The failures behind the dramatic crashes that ruled leading contenders Mitch Evans and Jake Dennis out of the 2021 Formula E world championship fight early in the Berlin decider have turned out to be similar inverter issues.
The two manufacturers concerned, Jaguar and BMW, are continuing to work to understand precisely why their ‘off-the-shelf’ components suffered the failures in the race that effectively gave Mercedes’ Nyck de Vries the title.
Evans’s Jaguar was well placed in third position on the grid, 10 places ahead of de Vries for the final round, but failed to get off the line.
Had Evans have won the race he would have taken the title whatever de Vries would have been able to achieve.
Instead, de Vries was able to take a battling eighth position and seal the crown by four points over Edoardo Mortara – who was eliminated from the final race when he slammed into Evans’s static car.
Jaguar undertook a lengthy investigation into the reason why Evans was unable to get his Jaguar I-Type4 off the Tempelhof grid.
A team spokesperson told The Race that “a supplied component failure within the inverter is currently being investigated so it doesn’t reoccur”.
Some teams are known to have suffered suspected issues with modules within the inverters on previous occasions in Formula E.
These have failed at peak torque during launches, but most have occurred in testing rather than races as team have large tolerances on the ‘lifing’ of such parts.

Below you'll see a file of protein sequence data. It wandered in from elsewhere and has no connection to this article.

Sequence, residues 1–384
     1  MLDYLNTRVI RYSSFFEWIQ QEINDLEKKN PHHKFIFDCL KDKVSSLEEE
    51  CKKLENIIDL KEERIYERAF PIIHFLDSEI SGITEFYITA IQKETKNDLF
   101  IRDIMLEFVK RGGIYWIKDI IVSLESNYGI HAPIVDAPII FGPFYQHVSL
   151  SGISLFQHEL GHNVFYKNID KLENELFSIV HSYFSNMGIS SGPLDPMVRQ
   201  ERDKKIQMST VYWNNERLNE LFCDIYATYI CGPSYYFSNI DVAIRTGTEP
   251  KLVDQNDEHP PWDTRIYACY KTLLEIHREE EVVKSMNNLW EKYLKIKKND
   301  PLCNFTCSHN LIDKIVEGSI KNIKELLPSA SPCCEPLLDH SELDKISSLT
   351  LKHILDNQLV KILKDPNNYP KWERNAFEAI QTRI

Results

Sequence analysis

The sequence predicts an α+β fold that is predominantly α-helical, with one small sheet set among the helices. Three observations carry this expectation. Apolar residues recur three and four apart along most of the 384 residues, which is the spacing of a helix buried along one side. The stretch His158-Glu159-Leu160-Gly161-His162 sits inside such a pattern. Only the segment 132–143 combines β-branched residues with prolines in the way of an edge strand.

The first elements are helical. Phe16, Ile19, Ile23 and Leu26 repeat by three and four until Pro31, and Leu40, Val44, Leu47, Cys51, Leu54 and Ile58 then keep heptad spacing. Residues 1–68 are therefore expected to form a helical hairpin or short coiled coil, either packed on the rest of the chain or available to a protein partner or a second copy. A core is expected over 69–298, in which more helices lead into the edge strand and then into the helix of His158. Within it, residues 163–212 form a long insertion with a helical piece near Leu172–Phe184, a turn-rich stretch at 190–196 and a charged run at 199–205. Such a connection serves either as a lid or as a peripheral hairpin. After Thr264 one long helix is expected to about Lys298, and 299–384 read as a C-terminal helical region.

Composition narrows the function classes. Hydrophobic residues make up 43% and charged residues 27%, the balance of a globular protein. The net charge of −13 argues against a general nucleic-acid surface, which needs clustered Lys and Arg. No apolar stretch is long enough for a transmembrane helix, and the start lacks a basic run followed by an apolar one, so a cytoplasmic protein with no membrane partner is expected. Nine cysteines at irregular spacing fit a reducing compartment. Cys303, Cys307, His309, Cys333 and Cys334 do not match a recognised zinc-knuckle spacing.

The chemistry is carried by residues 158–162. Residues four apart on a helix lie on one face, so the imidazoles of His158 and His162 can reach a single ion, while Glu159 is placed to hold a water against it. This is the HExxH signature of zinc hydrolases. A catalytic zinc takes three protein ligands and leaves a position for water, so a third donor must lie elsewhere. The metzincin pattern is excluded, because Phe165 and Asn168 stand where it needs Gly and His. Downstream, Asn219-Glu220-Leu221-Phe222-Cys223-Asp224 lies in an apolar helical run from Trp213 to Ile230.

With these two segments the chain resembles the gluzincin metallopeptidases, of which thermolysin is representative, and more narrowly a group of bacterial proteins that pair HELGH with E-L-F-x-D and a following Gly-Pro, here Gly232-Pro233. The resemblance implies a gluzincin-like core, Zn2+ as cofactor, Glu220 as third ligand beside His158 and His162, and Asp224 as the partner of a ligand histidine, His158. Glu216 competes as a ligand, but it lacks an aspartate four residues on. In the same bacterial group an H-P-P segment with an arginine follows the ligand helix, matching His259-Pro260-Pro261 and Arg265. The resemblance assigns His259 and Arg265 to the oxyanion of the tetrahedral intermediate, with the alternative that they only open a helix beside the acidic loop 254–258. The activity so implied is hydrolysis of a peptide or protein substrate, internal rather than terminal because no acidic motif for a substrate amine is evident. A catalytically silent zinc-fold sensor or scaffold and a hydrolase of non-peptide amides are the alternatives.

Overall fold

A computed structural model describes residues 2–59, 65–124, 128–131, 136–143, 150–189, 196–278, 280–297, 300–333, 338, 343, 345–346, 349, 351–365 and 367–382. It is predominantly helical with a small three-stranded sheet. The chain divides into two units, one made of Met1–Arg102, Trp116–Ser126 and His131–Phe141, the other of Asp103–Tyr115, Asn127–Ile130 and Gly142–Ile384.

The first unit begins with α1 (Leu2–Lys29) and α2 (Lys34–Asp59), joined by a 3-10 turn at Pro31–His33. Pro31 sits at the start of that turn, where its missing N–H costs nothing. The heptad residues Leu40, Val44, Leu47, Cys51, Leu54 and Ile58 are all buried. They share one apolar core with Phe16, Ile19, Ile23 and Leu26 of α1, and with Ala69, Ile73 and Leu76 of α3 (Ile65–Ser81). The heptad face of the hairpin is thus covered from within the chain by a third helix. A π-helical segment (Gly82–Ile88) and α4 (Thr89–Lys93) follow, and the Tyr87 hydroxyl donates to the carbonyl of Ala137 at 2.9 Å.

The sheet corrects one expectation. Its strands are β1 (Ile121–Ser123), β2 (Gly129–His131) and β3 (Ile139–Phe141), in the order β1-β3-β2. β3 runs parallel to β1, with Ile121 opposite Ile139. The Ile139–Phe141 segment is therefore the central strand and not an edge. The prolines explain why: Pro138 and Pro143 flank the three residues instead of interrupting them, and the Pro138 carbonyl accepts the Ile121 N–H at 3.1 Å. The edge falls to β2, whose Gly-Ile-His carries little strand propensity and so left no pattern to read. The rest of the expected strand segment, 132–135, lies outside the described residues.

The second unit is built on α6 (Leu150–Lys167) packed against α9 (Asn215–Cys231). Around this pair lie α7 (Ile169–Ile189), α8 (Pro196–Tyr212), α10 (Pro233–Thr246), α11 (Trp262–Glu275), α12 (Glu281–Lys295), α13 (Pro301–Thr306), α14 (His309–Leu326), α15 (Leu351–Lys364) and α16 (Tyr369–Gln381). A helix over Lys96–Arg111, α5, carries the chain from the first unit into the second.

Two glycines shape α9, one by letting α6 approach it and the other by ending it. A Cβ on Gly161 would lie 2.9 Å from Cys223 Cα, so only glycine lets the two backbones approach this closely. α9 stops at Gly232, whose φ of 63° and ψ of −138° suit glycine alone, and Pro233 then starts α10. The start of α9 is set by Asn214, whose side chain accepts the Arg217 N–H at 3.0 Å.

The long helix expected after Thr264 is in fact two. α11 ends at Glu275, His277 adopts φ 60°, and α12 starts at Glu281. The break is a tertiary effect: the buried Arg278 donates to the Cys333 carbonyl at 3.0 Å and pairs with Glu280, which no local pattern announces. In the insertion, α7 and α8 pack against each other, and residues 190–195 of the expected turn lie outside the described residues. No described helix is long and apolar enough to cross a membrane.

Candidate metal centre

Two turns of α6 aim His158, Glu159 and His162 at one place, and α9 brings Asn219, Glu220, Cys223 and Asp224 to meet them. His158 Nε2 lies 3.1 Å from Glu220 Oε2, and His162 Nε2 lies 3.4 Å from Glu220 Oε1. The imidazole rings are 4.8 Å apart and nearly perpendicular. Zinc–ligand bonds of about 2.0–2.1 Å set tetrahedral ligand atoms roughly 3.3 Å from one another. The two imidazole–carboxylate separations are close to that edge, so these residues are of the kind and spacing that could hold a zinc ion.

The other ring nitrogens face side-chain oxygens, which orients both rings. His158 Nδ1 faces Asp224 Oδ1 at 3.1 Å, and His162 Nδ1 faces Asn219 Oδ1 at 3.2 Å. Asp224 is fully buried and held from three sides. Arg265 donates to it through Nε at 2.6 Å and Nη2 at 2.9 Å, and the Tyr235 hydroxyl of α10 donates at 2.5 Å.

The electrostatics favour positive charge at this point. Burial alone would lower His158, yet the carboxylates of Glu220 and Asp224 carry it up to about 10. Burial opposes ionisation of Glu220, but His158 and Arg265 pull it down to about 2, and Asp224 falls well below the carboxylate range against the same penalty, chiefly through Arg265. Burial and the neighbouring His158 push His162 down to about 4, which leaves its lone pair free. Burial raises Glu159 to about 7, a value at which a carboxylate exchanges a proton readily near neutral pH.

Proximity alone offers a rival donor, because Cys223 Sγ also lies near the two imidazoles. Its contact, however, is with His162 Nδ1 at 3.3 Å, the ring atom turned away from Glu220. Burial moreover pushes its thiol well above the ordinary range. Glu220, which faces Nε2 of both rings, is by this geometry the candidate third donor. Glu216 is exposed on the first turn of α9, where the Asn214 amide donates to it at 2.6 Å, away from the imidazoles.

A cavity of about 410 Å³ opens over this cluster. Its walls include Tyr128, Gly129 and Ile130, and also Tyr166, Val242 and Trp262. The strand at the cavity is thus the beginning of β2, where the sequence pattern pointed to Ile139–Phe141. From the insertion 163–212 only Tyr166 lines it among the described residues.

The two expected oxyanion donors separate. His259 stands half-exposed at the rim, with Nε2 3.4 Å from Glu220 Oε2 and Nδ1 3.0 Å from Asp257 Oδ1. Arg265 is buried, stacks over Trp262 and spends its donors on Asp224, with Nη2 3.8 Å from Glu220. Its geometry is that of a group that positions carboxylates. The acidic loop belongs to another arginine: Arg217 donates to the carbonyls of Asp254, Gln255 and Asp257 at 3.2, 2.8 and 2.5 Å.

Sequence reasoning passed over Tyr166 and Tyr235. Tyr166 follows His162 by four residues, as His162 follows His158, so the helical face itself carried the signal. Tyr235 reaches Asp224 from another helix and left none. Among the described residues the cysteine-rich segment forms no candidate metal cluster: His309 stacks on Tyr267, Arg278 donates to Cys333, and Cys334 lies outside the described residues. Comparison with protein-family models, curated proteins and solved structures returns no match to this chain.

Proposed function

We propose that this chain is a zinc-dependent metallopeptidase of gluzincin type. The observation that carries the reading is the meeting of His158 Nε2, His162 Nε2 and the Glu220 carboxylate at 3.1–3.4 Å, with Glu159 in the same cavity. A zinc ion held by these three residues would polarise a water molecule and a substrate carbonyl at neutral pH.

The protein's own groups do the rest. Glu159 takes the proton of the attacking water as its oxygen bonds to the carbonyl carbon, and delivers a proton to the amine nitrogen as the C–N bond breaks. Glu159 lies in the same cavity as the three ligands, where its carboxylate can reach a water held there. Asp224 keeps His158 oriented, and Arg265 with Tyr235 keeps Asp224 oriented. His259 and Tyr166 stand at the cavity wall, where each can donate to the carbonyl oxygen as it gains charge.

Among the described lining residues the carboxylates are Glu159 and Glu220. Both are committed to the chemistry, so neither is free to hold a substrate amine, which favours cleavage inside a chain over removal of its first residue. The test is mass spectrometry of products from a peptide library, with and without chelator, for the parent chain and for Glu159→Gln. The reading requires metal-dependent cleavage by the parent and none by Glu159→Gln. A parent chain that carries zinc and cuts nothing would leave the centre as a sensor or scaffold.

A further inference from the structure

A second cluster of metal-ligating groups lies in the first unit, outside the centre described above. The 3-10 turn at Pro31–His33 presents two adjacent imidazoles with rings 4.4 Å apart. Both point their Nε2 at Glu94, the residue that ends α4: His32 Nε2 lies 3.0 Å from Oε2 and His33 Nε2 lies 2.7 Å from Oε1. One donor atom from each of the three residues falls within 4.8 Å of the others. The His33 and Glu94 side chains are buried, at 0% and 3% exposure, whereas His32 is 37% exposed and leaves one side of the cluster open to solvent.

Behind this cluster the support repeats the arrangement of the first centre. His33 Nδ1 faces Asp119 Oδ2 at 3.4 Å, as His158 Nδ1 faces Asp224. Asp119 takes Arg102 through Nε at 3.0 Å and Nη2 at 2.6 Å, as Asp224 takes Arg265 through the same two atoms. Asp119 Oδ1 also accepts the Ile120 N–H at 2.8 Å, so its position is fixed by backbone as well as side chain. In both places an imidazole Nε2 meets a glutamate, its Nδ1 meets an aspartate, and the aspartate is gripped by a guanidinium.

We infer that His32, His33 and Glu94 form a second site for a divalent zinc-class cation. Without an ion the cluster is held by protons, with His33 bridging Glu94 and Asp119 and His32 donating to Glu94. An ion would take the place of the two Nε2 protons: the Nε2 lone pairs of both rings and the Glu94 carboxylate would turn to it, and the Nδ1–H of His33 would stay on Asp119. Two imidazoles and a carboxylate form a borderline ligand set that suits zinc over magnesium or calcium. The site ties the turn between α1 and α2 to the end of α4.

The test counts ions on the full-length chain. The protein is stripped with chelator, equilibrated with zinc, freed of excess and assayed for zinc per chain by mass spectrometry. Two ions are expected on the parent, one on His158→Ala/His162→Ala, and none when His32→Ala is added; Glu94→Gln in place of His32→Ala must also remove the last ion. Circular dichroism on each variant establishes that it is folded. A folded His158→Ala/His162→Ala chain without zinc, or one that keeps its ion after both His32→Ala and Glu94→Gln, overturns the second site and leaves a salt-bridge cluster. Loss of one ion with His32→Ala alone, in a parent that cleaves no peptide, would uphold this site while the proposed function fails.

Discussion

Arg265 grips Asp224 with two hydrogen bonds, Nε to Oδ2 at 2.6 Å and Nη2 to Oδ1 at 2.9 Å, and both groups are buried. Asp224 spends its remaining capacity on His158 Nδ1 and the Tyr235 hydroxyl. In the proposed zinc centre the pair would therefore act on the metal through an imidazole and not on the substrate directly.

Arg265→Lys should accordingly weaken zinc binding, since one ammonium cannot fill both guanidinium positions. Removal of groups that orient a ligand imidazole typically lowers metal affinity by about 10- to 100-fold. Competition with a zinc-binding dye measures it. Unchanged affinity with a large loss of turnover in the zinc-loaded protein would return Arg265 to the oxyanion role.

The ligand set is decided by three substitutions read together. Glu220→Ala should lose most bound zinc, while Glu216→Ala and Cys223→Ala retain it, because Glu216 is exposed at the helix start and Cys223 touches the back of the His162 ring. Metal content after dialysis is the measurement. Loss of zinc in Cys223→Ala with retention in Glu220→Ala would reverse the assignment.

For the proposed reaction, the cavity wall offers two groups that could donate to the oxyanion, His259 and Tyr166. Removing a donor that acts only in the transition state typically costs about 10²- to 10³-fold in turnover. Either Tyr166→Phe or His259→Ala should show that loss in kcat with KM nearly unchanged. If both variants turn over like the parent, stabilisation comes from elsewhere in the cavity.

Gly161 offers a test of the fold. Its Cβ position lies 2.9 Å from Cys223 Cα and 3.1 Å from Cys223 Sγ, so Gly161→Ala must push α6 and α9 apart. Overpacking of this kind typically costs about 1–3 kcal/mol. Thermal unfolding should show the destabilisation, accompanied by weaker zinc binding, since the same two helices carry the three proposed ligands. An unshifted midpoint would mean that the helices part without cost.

Further mystery surrounds the issue as there are several much grippier surfaces than the Tempelhof track on the Formula E calendar. This is believed to have caused initial confusion for at least BMW as the inverter is not unduly stressed when it regulates the voltage and the current from the motor.
Further details on Dennis’s issue are still yet to be ascertained by BMW, which has now officially left Formula E as a full manufacturer but will continue to supply the new-look Andretti team in 2022.
Dennis was just four points in arrears to de Vries ahead of the final race and started from ninth position on the grid.
But he lost control under braking at the first corner at the restart following the Evans/Mortara crash.
Andretti team principal Roger Griffiths said the issue was still being investigated but the basic reason for Dennis’s car malfunctioning had emerged.
“It was a power inverter failure,” Griffiths told The Race.
“But the reason why is not being communicated to us from BMW yet.
“The [non-BMW] part went back to the supplier to be to be fixed, but it was a catastrophic failure obviously.”
The inverter transforms the DC battery current to AC for the motor. It also regulates the voltage, current and format of the electrical signal. It does so using a system of switches that are able to carry out thousands of operations per second.
The primary function of the inverter, therefore, is to be used as a mechanism for controlling both the demand put on the motor by the ECU. Efficiency is a key attribute to its design especially in controlling thermal properties.
Griffiths discounted the lengthy red flag period after Evans and Mortara’s accident having being directly related to the episode, saying: “I don’t think it has anything to do with a red flag because we’ve done red flags before and these things power down when they’re not in use.”
The Race has learned that several manufacturers have suffered some issues with the Silicon Carbide (SIC) elements of their inverters in the Gen2 period of racing.
These are believed centre mostly on the MOFSET (metal–oxide–semiconductor field-effect transistor) elements of the technology, which is the switching device within the inverter.
At present there is no suggestion that either Dennis or Evans suffered such an issue in their Berlin incidents.